A fighting chance
Mixed martial arts is kicking and fighting its way into the mainstream
As a child, Kenji Alejandre’s heart and fists began to beat to the staccato rhythm of a well-disciplined fighter. His father, Rob, already an established fighter, began ingraining the skills of a pugilist in his son at an early age.
Kenji’s uncanny knack for fighting began to reveal itself at a very early age.
“When he was 2 years old he was doing things that were scaring me,” his father recalled.
In June, the 23-year-old Alejandre set an amateur record in mixed martial arts (MMA) competition with a four-second knockout. Since then, he has hired a promoter with the intention of going pro, which could potentially earn hime some $20,000 per fight.
Alejandre’s lithe 5-foot-6 frame carries nothing but bone and lean muscle, which he hones through vigorous training and dieting. Perhaps most impressive is the young man’s demeanor. Alejandre carries himself with a radiant sense of confidence and assuredness.
But even with all this in his corner, he’s not cocky. His only outward aggression appears to be dedicated to the thrill of the sport—which may be his most advantageous attribute. And if he is to compete—and succeed—within the ranks of today’s professional MMA fighters, he will need any and every advantage he can muster.
As the popularity of boxing begins to fade, MMA has a fighting chance to emerge as America’s next contact sport of choice. MMA’s influence is spreading and has even eked its way into docile Northern California. Last year Rob Alejandre opened his Alejandre Training Systems in the sleepy town of Red Bluff, and more facilities are opening in Chico.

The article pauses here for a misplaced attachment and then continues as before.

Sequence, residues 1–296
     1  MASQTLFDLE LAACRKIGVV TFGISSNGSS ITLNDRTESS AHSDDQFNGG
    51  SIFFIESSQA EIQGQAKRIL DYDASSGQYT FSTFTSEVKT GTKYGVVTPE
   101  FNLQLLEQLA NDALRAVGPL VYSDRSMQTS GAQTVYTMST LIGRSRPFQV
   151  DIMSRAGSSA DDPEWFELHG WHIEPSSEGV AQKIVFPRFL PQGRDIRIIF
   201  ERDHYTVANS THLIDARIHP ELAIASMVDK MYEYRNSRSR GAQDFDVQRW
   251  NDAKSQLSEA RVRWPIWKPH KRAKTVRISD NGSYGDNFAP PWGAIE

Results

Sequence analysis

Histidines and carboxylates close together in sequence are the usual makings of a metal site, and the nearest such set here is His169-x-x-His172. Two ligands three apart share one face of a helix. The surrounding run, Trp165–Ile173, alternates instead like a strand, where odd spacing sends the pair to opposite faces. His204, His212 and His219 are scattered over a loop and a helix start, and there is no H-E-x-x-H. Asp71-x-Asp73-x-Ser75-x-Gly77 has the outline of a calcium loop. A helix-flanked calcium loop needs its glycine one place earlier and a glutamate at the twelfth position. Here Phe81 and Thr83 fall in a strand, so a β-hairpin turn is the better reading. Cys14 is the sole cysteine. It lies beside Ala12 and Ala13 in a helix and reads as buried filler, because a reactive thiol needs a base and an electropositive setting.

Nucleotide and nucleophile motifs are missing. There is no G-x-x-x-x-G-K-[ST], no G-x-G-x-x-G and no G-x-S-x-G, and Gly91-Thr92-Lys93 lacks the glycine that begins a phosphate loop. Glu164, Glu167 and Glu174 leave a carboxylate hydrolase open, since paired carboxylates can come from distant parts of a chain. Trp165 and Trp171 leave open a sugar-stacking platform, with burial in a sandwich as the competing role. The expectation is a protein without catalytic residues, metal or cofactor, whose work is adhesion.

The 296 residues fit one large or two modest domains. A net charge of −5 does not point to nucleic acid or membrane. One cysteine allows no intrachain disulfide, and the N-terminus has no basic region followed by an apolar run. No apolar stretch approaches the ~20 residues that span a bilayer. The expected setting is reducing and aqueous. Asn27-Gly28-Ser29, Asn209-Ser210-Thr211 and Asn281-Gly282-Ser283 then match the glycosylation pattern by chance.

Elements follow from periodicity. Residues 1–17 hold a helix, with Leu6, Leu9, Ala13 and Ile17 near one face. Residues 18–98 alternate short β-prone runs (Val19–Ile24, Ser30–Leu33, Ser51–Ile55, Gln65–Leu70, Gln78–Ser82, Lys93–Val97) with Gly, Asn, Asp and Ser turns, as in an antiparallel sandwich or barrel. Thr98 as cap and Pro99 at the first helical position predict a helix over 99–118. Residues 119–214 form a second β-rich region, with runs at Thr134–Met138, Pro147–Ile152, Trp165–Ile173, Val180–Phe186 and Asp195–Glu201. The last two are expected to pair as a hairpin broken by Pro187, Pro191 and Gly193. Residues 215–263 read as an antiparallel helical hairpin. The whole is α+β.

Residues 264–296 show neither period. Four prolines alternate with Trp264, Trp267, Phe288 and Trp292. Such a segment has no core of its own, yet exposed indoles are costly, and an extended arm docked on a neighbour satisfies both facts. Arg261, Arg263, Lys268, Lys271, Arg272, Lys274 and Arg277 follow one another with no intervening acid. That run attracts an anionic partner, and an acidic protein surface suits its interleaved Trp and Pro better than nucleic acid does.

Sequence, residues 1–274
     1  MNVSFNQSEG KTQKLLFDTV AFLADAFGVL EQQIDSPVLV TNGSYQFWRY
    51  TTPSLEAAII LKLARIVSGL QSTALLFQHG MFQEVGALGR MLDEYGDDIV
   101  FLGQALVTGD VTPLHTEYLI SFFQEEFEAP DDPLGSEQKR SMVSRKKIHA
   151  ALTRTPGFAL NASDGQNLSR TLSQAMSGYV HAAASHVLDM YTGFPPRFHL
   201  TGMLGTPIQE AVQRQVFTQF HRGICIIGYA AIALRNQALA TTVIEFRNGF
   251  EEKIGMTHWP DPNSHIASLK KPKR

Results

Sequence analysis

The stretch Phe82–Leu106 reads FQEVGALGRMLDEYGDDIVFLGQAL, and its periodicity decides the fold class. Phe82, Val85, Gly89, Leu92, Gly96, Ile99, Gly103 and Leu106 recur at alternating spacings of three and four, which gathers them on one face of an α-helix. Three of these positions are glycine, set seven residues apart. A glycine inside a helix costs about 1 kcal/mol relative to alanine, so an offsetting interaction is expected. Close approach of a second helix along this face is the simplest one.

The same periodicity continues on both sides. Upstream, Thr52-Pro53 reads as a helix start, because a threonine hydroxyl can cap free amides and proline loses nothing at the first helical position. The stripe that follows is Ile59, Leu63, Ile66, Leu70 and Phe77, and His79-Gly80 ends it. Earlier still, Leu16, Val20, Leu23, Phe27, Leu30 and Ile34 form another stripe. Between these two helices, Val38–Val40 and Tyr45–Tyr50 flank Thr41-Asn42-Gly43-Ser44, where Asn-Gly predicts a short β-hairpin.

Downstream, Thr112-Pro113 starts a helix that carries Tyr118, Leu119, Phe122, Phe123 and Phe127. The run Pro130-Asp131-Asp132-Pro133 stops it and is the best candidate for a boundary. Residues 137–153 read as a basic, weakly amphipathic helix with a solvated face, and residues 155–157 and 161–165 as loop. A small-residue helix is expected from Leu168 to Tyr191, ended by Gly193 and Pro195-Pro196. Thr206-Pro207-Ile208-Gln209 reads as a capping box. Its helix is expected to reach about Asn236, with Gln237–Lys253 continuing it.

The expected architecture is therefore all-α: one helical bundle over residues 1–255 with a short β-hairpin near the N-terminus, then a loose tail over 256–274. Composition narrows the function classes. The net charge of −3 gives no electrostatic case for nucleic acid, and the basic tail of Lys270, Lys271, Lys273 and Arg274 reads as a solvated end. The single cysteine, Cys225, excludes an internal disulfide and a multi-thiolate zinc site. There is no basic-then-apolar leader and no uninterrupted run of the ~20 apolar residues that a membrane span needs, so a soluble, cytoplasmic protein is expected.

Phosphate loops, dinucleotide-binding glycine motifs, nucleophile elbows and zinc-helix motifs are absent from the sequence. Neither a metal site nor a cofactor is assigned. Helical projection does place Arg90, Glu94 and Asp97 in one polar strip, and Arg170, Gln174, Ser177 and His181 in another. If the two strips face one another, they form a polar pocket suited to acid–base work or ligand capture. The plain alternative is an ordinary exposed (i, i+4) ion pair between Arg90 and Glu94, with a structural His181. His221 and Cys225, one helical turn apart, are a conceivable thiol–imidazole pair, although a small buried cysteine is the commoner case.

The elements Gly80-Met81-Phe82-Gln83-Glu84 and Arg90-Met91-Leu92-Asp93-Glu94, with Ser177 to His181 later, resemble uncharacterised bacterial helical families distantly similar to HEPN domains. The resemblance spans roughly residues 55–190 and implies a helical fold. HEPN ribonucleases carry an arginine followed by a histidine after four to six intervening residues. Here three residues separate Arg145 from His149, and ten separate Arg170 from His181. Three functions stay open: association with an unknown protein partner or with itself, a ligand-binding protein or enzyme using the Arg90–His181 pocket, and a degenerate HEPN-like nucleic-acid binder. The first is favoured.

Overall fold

MMA’s no-holds-barred approach has been drawing large audiences, beginning in the late ‘90s on pay-per-view television. From the comfort of their homes, audiences could experience fighters pitted against one another where punching, kicking and wrestling were all part if the evening’s ticket. Organizations like Pancrase, Ultimate Fighting Championship and Pride Fighting have helped propel mixed martial arts to what it is today.
The sport draws a lot of criticism, however, because of its seemingly brutish nature.
“It’s a little barbaric,” Rob admits.
What differentiates MMA from boxing is its hard-hitting, fast approach to fighting, which seems to appeal to a younger generation.
“I think boxing is always going to be around,” Alejandre said. “But as far as fan popularity and it being one of the most dominant [contact sports], it’s already dying out.”
Alejandre’s take on boxing is nothing new. Sports writers from around the country have been toying with the idea that boxing is dead.
Bill Simmons, a writer for ESPN the Magazine, wrote in a recent column: “Sure, it’s a completely corrupt sport that lacks any semblance of organization, but that’s been the case since, well, forever. The bigger issue? Lack of star power. American kids don’t grow up hoping to become the next Ali or Sugar Ray anymore; they’re hoping to be the next LeBron, Griffey, Brady or Tiger. The thought of getting smacked in the head for 20 years, soaked by the Don Kings of the world, then ending up with slurred speech and a constant tremor doesn’t sound too enticing.”